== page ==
What went wrong at the dam happened long before it was built. What went wrong occured before the dam was even conceived by a starry-eyed man needing water in the desert. What went wrong began when civilization began.
As Native American, Ohiyesa is quoted in the book Touch the Earth, "As a child I understood how to give, I have forgotten this grace since I became civilized."
Civilization--we know now is neither in sync with our instincts nor does it hold the promise of something better. Even in 1930 the promise of civilization was questioned, liberally by those who did not have to struggle or stand in line for a meal and a place to sleep. And ultimately by those who did struggle and did go hungry and homeless.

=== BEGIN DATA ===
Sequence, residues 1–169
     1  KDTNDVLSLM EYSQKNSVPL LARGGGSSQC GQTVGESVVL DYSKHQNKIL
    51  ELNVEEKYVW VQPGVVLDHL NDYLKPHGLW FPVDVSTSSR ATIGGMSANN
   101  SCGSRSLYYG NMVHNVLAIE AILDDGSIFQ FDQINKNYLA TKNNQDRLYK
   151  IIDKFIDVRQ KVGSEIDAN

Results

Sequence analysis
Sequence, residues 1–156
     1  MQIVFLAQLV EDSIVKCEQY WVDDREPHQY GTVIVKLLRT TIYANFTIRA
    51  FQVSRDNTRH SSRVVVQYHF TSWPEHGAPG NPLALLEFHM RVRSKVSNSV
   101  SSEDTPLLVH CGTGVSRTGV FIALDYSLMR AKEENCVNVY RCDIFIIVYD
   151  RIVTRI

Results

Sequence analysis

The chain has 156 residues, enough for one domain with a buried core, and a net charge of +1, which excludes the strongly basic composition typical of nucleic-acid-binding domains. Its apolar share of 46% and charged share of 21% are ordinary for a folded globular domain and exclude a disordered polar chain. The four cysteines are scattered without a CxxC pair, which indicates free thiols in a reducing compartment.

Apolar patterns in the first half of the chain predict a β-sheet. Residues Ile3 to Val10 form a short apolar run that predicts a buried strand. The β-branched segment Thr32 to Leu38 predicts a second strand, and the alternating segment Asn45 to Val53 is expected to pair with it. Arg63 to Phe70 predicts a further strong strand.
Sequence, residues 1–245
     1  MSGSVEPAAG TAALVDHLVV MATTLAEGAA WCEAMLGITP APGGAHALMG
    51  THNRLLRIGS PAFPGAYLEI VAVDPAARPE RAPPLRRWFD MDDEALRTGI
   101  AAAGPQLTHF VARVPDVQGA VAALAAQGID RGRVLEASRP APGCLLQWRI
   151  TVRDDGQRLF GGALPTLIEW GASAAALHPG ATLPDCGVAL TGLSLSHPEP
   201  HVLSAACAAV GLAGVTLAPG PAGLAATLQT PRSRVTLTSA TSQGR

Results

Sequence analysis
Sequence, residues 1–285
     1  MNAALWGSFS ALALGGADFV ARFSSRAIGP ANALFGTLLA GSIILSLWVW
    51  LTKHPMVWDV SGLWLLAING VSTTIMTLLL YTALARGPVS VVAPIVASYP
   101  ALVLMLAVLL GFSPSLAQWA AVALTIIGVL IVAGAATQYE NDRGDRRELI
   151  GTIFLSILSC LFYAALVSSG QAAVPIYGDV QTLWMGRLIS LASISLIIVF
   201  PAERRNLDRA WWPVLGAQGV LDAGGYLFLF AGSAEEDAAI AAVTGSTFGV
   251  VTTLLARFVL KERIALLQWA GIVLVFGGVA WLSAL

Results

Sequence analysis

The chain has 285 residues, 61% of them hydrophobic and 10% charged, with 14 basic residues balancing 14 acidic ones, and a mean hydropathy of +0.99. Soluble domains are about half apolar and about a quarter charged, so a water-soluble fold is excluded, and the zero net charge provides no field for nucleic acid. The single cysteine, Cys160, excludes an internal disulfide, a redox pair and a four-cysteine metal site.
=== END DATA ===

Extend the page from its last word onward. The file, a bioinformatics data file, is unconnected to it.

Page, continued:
Conceptually and realistically what we have created for ourselves on planet earth is tragic. We find beauty within this tragedy, and thus we tell our stories to remind us of this beauty.
One story is of the Apache that came to do the high scalers job at the Hoover Dam. They were fearless of the canyon, familiar with the terrain, yet faceless to the bosses who wanted their expertise for the job not their intuition as human beings. The Apache were not familiar with the idea of hope or the promise of something better. But this is what they were given, a due reward from civilization itself.
Yet they did not give back, for they were part of civilization themselves. They took their due, spent the idea of hope the promise of something better, carried it around, not knowing what to do with ideals that had no worth to them.